The European Union and the French government are embroiled in a dispute over recent political action that France has taken against the Roma population within its borders, which includes demolishing settlements and deporting its occupants. The Roma, or ‘Gypsies’ as they are popularly known, come from Romania and Bulgaria, and have historically been nomadic.
The persecution of the Roma, one of Europe’s poorest ethnic and most disenfranchised political minorities, is fueled by election politics and the ongoing economic crises in France and Italy. The xenophobic rhetoric inciting and surrounding the en masse deportation of the Roma marks the deplorable racial prejudices that still dominate public discourse throughout Europe today.
However, in addition to showing the social tensions that arise in times of insecurity, this issue also gives insight into the moral principles by which the European community shepherds the nations, native peoples and immigrants on the Continent.
According to E.U. Parliamentary Assembly document 12386, the rise of ‘anti-Gypsism’ in France is signaled by national security discourse which coincides with discriminatory and xenophobic rhetoric, or inflammatory and stereotype-reliant ‘hate speech.’
“Taking advantage of the financial crisis, extremist groups capitalize on fears deriving from the equation made between Roma and criminals, choosing a scapegoat that presents an easy target, and the Roma are among the most vulnerable,” the document states.
Socially moderate politicians have also resorted to using this aggressive rhetoric in an attempt to keep independent voters from voting for the alarmist, conservative factions in upcoming elections.
France’s first anti-Roma actions started in August, when French President Nicolas Sarkozy instituted measures to expel wayfarers of French nationality and illegal immigrants.
However, the enforcement of such measures has blindly targeted all Roma, instead of just the criminal element. In its defense, the French government declared that its actions were not racist, but that the Roma overstayed their welcome without arranging clear and sustainable financial support.
According to document 12386, E.U. law allows national governments to deport intransigent groups if they cannot establish a secure income within three months of arrival and therefore burden the state social welfare system. Thus, the Roma have become overt targets for both their ethnicity and poverty.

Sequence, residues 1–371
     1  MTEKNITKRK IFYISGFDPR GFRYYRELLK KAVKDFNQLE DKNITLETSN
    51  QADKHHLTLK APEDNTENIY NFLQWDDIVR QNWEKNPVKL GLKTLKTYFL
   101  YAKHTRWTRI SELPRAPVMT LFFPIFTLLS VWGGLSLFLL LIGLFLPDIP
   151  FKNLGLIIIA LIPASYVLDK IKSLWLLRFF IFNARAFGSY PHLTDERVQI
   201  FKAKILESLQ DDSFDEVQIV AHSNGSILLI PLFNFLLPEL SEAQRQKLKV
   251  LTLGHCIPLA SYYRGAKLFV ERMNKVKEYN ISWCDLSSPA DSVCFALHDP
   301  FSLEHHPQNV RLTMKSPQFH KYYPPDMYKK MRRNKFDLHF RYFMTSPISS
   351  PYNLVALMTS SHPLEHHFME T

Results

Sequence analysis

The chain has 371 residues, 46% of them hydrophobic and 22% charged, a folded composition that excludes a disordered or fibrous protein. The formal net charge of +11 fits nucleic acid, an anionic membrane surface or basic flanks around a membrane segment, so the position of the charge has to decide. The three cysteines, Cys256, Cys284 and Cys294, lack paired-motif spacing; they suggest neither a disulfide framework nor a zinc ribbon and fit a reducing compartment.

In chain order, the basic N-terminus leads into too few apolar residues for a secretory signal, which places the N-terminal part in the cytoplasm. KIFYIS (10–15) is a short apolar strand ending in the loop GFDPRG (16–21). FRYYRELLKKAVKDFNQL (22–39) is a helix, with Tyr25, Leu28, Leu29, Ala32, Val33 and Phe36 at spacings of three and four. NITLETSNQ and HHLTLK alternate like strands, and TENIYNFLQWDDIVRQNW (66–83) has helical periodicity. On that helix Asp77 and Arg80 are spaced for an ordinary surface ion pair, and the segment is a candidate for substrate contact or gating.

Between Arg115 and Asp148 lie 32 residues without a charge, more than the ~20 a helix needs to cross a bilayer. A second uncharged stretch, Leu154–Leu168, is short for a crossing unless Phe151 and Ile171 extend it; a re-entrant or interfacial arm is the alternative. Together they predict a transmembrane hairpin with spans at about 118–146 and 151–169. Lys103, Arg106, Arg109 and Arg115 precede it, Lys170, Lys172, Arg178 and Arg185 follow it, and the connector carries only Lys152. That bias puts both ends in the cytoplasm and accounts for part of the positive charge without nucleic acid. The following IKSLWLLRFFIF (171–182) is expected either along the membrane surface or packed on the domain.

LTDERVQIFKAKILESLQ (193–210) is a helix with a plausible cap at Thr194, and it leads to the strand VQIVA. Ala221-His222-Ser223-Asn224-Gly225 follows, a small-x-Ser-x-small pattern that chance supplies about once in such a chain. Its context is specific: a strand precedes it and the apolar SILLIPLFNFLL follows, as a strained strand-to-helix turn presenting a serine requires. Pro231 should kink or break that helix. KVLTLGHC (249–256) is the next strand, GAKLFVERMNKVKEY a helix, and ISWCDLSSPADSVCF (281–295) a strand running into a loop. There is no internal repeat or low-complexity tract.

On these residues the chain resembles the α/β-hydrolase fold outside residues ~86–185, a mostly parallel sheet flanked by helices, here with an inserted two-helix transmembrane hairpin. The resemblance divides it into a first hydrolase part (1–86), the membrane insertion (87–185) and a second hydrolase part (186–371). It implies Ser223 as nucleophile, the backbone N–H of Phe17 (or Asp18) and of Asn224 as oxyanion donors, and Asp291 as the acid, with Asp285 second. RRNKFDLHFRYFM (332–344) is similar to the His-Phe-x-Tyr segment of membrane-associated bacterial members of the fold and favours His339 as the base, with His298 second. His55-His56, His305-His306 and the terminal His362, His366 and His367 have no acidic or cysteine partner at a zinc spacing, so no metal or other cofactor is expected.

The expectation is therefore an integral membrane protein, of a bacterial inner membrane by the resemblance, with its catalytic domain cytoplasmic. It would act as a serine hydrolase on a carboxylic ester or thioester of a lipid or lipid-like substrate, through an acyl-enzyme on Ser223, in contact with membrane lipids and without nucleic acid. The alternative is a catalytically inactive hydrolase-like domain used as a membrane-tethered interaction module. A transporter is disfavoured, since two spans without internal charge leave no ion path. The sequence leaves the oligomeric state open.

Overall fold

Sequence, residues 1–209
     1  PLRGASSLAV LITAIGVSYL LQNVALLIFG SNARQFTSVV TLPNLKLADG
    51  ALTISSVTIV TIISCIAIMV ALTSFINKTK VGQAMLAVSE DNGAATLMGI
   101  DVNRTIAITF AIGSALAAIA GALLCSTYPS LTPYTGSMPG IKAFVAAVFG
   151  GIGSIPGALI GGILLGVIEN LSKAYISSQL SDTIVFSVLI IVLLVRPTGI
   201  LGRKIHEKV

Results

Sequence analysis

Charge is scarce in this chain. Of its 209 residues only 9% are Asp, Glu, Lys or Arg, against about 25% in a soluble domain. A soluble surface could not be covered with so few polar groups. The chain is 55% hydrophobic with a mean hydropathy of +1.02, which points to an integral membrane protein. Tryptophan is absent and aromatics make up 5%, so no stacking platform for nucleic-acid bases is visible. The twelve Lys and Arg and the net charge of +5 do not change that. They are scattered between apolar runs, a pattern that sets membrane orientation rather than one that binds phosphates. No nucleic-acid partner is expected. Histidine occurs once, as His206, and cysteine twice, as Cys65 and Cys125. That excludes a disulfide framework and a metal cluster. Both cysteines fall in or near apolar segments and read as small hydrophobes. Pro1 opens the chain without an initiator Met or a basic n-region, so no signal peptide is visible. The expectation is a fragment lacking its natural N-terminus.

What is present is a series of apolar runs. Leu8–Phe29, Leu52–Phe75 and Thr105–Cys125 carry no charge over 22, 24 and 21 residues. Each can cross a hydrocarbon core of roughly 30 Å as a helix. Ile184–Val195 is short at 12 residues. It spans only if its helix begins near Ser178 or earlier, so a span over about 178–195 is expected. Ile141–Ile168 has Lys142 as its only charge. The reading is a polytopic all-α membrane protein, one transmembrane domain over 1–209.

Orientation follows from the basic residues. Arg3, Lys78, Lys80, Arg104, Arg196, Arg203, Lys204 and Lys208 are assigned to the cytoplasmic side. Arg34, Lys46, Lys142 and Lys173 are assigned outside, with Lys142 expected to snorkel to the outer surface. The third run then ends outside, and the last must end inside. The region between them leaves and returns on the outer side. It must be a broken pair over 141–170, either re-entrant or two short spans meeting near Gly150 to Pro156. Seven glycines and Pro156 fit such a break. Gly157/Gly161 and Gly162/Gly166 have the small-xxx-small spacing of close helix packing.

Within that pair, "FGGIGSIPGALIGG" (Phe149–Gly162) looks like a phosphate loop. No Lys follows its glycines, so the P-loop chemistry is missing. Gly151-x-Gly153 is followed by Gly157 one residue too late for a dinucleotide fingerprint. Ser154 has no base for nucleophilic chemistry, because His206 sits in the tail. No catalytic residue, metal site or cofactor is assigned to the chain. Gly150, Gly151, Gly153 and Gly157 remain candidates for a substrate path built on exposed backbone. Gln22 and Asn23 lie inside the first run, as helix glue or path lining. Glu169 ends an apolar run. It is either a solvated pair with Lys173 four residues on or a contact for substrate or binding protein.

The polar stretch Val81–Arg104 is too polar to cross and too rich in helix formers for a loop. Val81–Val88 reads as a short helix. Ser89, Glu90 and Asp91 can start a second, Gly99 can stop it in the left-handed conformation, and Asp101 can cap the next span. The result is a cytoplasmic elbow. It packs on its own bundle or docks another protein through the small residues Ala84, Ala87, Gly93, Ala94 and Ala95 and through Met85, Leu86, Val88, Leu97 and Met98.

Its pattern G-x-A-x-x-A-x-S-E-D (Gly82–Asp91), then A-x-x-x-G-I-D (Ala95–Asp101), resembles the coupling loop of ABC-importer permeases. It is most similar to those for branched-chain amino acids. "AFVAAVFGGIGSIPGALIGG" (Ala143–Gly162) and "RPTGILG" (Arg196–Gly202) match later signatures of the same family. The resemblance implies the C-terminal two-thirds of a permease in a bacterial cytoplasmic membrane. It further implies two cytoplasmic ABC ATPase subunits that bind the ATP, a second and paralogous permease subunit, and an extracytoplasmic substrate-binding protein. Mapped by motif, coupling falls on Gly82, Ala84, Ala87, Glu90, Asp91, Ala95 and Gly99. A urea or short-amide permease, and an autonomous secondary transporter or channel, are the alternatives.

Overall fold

“A clear distinction must be made in political discourse between individuals who have committed crimes and entire groups of people, such as Roma or any other minority or migrant group,” warns document 12386.
Although the phrase ‘immigration debate’ comes to mind when thinking of this issue, the Roma are actually migrants since they come from European community member states. According to the European Union, the legal measures taken by the French government violate the ‘freedom of movement’ guaranteed to all members of that community.
Yet, the Roma deportation from France and the E.U.’s condemnation of it introduces a new perspective in worldwide immigration debates, and raises questions about how national or international governments ought to manage influxes of non-native peoples.
The issue of Roma expulsion in France and Italy poses a litany of moral and legal problems that assume a much wider scope. In fact, the Roma immigrant population in France is much smaller than those of people from former francophone colonies in West Africa and the Maghreb — Morroco, Tunisia, Libya and Egypt. England, Spain and France are now facing intriguing political dilemmas that result from their African and Asian presence in the 19th and 20th centuries.
Now, people who learned the French language and were exposed to the national ideals of France are seeking a place in the land of the colonial master. These people are increasingly met with extreme social animosity.
Departing their countries to improve their standards of living, immigrants from the former colonies confront economic crisis, condescension and outright racism. Unwanted in their adopted land and unable to return home for want of means, their options are scarce.
How do these concerns relate to the immigration issues of the United States? The premises of how the American government deals with a mobile or recently arrived population differ remarkably from those of Europe. Firstly, the First Amendment reserves the near-absolute right of racist speech to be made. Thus, political expression is most protected here, whereas political harmony is the priority in Europe.
Language, shared political history and a colonial legacy unite European powers with their former colonies, while American influence and political hegemony have dictated the developments of many Latin American countries for the past 120 years or so. The conclusion of the issue in France will expand international understanding of global communities and how the people in between political entities make their way through the world.